The president of the union representing Immigration and Customs Enforcement agents has asked to meet with eight senators working on immigration legislation before they unveil their proposal in two weeks.
“The purpose of this letter is to respectfully request an opportunity to meet with your group before you complete work on any immigration proposal and to share the experiences and concerns of the officers I represent,” union President Chris Crane wrote in a letter to the “gang of eight.”
The union has been critical of the Obama administration’s efforts to aid “Dreamers,” the children of illegal immigrants brought to this country as minors.
In lieu of winning passage of the DREAM Act, which would establish a path to citizenship for some of those children, the White House last summer issued an executive action ordering ICE to only deport illegal immigrants with criminal backgrounds.
The White House policy directs ICE to defer action on people who were brought to the United States as children younger than 16, do not present a risk to national security or public safety and meet several other key criteria. Those people would also be authorized to work.
The union argues that the policy undermines ICE’s ability to enforce duly enacted immigration law and that it has caused friction between the union and Homeland Security Secretary Janet Napolitano, as well as ICE Director John T. Morton.
“Given the record of Director Morton and Secretary Napolitano, we have zero confidence in promises of future enforcement,” the letter said.
One critic of the policy, Alabama GOP Sen. Jeff Sessions, called on Morton to resign at a Judiciary Committee hearing in February.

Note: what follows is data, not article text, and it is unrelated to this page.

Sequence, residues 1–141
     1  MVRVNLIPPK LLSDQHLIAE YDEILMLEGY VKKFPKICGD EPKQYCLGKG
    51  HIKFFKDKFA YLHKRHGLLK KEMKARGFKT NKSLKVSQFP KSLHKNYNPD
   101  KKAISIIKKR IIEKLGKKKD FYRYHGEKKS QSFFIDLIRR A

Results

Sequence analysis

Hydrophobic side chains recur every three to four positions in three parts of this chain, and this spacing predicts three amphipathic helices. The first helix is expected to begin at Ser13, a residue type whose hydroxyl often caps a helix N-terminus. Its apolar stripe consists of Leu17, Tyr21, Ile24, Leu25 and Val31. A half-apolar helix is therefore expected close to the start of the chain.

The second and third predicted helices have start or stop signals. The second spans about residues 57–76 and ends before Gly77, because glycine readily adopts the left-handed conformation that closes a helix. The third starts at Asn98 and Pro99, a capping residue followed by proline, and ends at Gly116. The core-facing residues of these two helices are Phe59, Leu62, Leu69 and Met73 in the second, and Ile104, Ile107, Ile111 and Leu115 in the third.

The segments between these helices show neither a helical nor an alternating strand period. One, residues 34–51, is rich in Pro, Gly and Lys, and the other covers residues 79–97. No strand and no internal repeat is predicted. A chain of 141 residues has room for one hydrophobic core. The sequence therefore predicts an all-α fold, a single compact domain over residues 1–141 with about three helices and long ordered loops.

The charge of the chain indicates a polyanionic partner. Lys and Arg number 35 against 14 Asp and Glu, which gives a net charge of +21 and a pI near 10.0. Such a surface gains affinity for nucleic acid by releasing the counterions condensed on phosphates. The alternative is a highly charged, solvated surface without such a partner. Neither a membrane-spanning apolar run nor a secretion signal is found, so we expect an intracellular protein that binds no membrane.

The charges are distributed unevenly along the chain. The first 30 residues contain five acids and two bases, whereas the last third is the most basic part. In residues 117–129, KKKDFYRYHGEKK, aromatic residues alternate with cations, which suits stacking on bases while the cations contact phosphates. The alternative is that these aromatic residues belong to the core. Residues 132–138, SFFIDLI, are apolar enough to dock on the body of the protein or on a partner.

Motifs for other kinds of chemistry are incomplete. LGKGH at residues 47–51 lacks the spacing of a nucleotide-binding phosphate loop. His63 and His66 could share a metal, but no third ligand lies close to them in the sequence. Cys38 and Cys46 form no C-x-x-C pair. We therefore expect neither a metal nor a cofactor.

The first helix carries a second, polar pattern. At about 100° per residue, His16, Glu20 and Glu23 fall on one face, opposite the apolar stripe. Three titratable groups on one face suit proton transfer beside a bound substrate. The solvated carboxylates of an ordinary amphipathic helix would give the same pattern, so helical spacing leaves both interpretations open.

“ICE officers working in jails are now under orders not to enforce our nation’s most fundamental immigration laws regarding illegal entry and overstay, and in similar practice are now forced to release illegal aliens encountered in jails who claim to be ‘Dreamers,’ without a requirement that the alien provide proof and without investigation,” Crane’s letter continued. “Most recently, ICE released approximately 2,000 criminal aliens back into U.S. communities without cause.”
He added: “We are concerned that ICE and DHS have not been forthright with the American public regarding the criminal records of many of the aliens it released. These practices and others like them clearly place the public at risk and should be investigated thoroughly before any major immigration changes are implemented.”
The bipartisan group of eight senators is close to finishing work on its bill and expects to unveil it the week of April 8.
Three of the senators — Charles E. Schumer, D-N.Y., Jeff Flake, R-Ariz., and Michael Bennet, D-Colo. — are visiting the border with Sen. John McCain, R-Ariz., another member of the immigration group. The four plan to hold a news conference in Nogales, Ariz., on Wednesday.
The group’s bill is expected to provide a path to citizenship for those currently here illegally, streamline the existing immigration system, reduce the hiring of undocumented workers and create a guest worker program.
From left, Rep. Christopher H. Smith, R-N.J., David Goldman, the father of a child who was abducted to Brazil by the mother, and Arvind Chawdra, a father whose two children were abducted to India by their mother, attend a news conference in the Rayburn House Office Building on international child abduction.
Each year since 1990, CQ Roll Call has reviewed the financial disclosures of all 541 senators, representatives and delegates to determine the 50 richest members of Congress. This year's report, derived from forms covering the calendar year 2012, shows it took a net worth of $6.67 million to crack the exclusive club.